The next step is the TABLE ACCESS BY INDEX ROWID operation. It uses the ROWIDs from the previous step to fetch the rows—all columns—from the table. Once the LAST_NAME column is available, the database can evaluate the remaining part of the where clause. That means the database has to fetch all rows for SUBSIDIARY_ID=30 before it can apply the LAST_NAME filter.

The statement’s response time does not depend on the result set size but on the number of employees in the particular subsidiary. If the subsidiary has just a few members, the INDEX RANGE SCAN provides better performance. Nonetheless a TABLE ACCESS FULL can be faster for a huge subsidiary because it can read large parts from the table in one shot (see Full Table Scan).

The query is slow because the index lookup returns many ROWIDs—one for each employee of the original company—and the database must fetch them individually. It is the perfect combination of the two ingredients that make an index slow: the database reads a wide index range and has to fetch many rows individually.

Choosing the best execution plan depends on the table’s data distribution as well so the optimizer uses statistics about the contents of the database. In our example, a histogram containing the distribution of employees over subsidiaries is used. This allows the optimizer to estimate the number of rows returned from the index lookup—the result is used for the cost calculation.


A cost-based optimizer uses statistics about tables, columns, and indexes. Most statistics are collected on the column level: the number of distinct values, the smallest and largest values (data range), the number of NULL occurrences and the column histogram (data distribution). The most important statistical value for a table is its size (in rows and blocks).

The most important index statistics are the tree depth, the number of leaf nodes, the number of distinct keys and the clustering factor (see Chapter 5, “Clustering Data).

The optimizer uses these values to estimate the selectivity of the where clause predicates.

If there are no statistics available—for example because they were deleted—the optimizer uses default values. The default statistics of the Oracle database suggest a small index with medium selectivity. They lead to the estimate that the INDEX RANGE SCAN will return 40 rows. The execution plan shows this estimation in the Rows column (again, see Example 2.1). Obviously this is a gross underestimate, as there are 1000 employees working for this subsidiary.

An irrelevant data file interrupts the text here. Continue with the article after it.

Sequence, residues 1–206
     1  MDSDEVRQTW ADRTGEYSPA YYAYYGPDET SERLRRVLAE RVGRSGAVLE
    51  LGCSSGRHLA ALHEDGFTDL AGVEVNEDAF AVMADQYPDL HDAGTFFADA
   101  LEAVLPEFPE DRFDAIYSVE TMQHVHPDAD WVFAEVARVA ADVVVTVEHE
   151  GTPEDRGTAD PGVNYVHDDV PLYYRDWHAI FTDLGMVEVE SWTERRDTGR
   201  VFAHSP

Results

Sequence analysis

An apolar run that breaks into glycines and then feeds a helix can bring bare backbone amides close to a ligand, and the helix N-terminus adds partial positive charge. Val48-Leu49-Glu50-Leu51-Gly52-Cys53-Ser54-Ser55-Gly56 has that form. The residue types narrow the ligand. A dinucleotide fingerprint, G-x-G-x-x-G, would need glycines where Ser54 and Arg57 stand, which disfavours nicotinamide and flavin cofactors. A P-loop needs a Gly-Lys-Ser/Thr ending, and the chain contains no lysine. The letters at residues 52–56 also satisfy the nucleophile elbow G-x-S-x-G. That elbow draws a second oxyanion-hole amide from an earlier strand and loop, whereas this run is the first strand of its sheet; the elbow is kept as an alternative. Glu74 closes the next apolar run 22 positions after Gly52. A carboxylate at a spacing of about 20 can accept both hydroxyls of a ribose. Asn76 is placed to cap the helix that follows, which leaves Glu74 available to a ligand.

If we provide correct statistics, the optimizer does a better job. The following execution plan shows the new estimation: 1000 rows for the INDEX RANGE SCAN. Consequently it calculated a higher cost value for the subsequent table access.

|Id |Operation                   | Name         | Rows | Cost |
| 0 |SELECT STATEMENT            |              |    1 |  680 |
|*2 |  INDEX RANGE SCAN          | EMPLOYEES_PK | 1000 |    4 |

Predicate Information (identified by operation id):
  1 - filter("LAST_NAME"='WINAND')
  2 - access("SUBSIDIARY_ID"=30)

The cost value of 680 is even higher than the cost value for the execution plan using the FULL TABLE SCAN (477). The optimizer will therefore automatically prefer the FULL TABLE SCAN.

This example of a slow index should not hide the fact that proper indexing is the best solution. Of course searching on last name is best supported by an index on LAST_NAME:

CREATE INDEX emp_name ON employees (last_name)

Using the new index, the optimizer calculates a cost value of 3:

Example 2.2 Execution Plan with Dedicated Index

| Id | Operation                   | Name      | Rows | Cost |
|  0 | SELECT STATEMENT            |           |    1 |    3 |
|* 2 |   INDEX RANGE SCAN          | EMP_NAME  |    1 |    1 |

Predicate Information (identified by operation id):
   1 - filter("SUBSIDIARY_ID"=30)
   2 - access("LAST_NAME"='WINAND')

The index access delivers—according to the optimizer’s estimation—one row only. The database thus has to fetch only that row from the table: this is definitely faster than a FULL TABLE SCAN. A properly defined index is still better than the original full table scan.

The two execution plans from Example 2.1 and Example 2.2 are almost identical. The database performs the same operations and the optimizer calculated similar cost values, nevertheless the second plan performs much better. The efficiency of an INDEX RANGE SCAN may vary over a wide range—especially when followed by a table access. Using an index does not automatically mean a statement is executed in the best way possible.

About the Author

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Markus Winand is the SQL Renaissance Ambassador. He is on a mission to introduce developers to the evolution of SQL in the 21st century. Markus can be hired as trainer, speaker and consultant via